John Carpenter's They Live evolved very quickly as a modern mini-classic, mostly due to its second life on home video after Universal kind of spat out the film and let it disappear from screens.
The original soundtrack album from Enigma was a super-brief 31 mins., which seems absurd given it's a synth score with low rights fees, compared to an orchestral score. The Enigma disc did present all of the film's main themes and covered the main dramatic beats as a drifter becomes the chief rebel who alerts humans of aliens that have anesthetized the world into non-thinking, conformity, and ultimately subjugation to seriously ugly creatures.
The score's main theme is the opening blues track, “Coming to L.A.,” which plays as Nada steps across railway tracks and looks for a new gig to keep a roof over his head. The blues riff is very simple, the harmonica adds a slightly sad, melancholic quality, and the sax improv is well, pretty loose, if not kind of clumsy.
As musicians and composers, Carpenter and co-composer Alan Howarth are strong in crafting addictive rhythms, thickening sonic textures, bass-friendly pulses, and harmonics that evoke a sly mix of danger, dread, paranoia, and a bit of tongue-in-cheek humour. When themes are kept simple, the music works, but when there's a straying into jazz-blues improv, the result sounds ever so plainly like notes played on a synth, sort-of approximating southern-tinged hardships, but with the sterility of 1988 electronic gear.
It shouldn't work, but it does (and very well for the character as well as the film) because the movie, like much of Carpenter's work, isn't played with hard gravitas. When Nada exclaims “I have come here to chew bubble gum and kick ass… and I'm all out of bubble gum” (one of a few dialogue chunks archived on the CD as a separate track), you know They Live is a satire, and the wonky main theme is part of a goofy world where humanity is fought by John Wayne knock-offs who display Fordian machismo.
“The Siege of Justiceville,” for example, is a macho battle track that's driven by syncopated percussion, echoplexed taps, and fat synth chords that all coalesce into a heavy march as aliens (Indian attackers) lay siege on human rebels (macho white folks) housed in their own little suburban Alamo.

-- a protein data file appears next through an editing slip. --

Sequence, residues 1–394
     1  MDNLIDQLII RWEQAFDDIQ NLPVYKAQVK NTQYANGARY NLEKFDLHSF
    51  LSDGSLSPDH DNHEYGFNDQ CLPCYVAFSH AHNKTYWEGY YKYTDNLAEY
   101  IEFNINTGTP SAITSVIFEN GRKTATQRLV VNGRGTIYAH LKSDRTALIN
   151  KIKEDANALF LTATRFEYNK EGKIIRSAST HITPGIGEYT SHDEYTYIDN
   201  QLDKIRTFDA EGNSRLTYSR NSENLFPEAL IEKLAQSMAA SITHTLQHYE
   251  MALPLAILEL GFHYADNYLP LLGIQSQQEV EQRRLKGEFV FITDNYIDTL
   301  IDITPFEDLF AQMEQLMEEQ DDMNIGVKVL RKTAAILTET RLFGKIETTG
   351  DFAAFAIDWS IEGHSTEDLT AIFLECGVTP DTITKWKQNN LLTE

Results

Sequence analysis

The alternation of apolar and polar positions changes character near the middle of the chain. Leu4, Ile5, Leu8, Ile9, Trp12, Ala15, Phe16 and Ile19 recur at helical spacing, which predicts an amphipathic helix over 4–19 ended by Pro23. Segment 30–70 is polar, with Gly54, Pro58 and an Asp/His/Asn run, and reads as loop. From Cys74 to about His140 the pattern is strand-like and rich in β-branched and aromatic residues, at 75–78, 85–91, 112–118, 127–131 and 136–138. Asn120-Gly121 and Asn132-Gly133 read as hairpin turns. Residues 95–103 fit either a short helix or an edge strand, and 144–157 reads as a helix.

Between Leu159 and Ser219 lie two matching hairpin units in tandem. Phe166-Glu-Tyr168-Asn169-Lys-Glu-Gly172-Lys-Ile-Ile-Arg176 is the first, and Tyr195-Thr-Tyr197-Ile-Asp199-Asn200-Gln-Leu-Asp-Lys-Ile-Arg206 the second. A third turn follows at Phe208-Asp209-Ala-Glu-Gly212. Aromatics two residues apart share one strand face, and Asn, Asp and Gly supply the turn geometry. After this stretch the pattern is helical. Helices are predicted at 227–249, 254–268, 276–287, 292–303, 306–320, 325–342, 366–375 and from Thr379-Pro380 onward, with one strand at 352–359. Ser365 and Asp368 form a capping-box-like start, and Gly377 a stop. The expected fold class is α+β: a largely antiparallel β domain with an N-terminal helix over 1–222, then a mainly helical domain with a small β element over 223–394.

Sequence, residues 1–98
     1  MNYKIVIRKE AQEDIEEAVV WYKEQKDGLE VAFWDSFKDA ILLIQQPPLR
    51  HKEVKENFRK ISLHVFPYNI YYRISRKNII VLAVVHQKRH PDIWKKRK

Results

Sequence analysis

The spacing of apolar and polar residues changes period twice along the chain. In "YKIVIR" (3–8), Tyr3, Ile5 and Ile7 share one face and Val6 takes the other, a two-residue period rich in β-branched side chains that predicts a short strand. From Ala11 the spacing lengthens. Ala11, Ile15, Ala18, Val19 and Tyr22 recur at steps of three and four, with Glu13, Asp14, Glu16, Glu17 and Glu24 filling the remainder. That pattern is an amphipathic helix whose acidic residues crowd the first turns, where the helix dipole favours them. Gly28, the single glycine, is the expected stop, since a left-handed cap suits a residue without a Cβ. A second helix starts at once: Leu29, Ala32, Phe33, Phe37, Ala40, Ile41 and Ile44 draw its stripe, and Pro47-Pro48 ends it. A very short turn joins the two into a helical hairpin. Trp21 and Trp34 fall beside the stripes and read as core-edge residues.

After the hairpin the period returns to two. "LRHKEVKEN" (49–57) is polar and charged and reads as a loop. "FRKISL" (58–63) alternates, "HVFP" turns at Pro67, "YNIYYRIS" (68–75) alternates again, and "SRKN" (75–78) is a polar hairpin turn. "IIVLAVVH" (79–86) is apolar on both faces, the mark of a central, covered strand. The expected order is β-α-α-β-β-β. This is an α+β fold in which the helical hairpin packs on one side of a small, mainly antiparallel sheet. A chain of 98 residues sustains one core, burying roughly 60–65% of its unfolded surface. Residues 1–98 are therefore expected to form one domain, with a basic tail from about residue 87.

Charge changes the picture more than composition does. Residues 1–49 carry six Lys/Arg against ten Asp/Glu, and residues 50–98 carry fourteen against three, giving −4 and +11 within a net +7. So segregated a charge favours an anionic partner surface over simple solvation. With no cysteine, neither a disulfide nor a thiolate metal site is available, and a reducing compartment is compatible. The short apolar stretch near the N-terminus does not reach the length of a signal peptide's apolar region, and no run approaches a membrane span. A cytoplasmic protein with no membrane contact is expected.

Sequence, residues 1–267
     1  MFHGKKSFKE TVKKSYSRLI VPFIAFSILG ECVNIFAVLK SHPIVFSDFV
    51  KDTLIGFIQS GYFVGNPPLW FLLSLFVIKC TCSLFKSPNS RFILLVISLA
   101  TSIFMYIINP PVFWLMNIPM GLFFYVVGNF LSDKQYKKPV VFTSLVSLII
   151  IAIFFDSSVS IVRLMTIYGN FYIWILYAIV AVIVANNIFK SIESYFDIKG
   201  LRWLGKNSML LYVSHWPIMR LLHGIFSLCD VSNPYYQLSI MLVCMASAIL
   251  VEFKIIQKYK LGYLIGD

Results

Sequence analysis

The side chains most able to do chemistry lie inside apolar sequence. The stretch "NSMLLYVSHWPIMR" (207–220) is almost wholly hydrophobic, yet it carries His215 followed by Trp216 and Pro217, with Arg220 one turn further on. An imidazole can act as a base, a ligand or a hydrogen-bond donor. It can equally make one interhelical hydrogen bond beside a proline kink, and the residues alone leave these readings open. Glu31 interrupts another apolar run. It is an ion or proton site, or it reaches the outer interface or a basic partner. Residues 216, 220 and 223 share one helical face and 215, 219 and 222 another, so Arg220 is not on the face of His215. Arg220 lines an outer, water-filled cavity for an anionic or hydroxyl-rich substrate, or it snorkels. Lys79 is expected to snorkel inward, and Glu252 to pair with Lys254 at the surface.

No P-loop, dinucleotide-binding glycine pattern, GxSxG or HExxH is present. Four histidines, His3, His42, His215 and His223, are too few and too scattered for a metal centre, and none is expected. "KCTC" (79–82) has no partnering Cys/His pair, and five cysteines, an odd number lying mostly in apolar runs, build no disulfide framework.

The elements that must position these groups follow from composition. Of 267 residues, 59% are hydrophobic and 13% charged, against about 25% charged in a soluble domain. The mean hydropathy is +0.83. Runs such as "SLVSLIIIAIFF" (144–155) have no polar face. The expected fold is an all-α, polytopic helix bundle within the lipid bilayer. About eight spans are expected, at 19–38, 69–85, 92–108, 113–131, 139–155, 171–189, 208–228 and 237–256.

The composers' reference to western conventions as well as their own (the opening bars in “Transport Station” riff Escape from New York) make the score so much fun, and it's also marks the last collaboration between director Carpenter and sound designer/engineer/effects whiz Howarth. They Live is the pair's creative evolution after their more primal work on New York, and like Halloween III (1982) and Prince of Darkness (1987), it's a great snapshot of how then-contemporary synths were used to create textures, grooves, and function as sound design (like the effects-tweaked “All Out of Bubble Gum”) instead of the up-tempo pop-rock scores from more teen-oriented fodder like Fight Night, Vamp, and Love Bites.
Like AHI's prior expanded CD of Halloween III (also released via Buysoundtrax.com), there's a lot of material that boosts the album's running time, and the results are at times repetitive, but for Carpenter/Howarth fans, it gives them everything they've been longing for.
“Sunglasses On” has Carpenter's own slowed-down voice (“Sleep… Sleep”) layered over shimmering synths, and “Back Alley” has some stylistic similarities to Prince of Darkness, particularly the wet trickling effects applied to hard synth hits.
The extra cues also showcase the composers' fixations on bold chords that do more than simply drone and hold for interminable periods. Howarth and Carpenter like to expand tonal density, take the bass and spread it across the stereo image like a hot, molten matter, and use pulses to set up a cue's ultimate rhythmic pattern, or morph into another pliable tonal shade.
Howarth's liner notes cover the film's production, mythos, cult following, and the music's creation, and he states the extra cues were in fact mixed for a longer album. Twenty years later, his plans have finally come to fruition, peppered with three dialogue tracks (isolated to their own indexed tracks), as well as longer film versions of “All Our of Bubble Gum” and “Underground,” plus source music for the cheeky fake TV ads.
There's better sonic balance between the original album cues (heard first) and bonus cuts (placed thereafter) than the expanded Halloween III CD, making it easy for one to program their own favorite version of the score without any sonic seams. The tracks have been mastered from very clean sources, and Howarth is quite right to be proud that They Live continues to be enjoyed for his strong dramatic qualities.
© 2006 Mark R. Hasan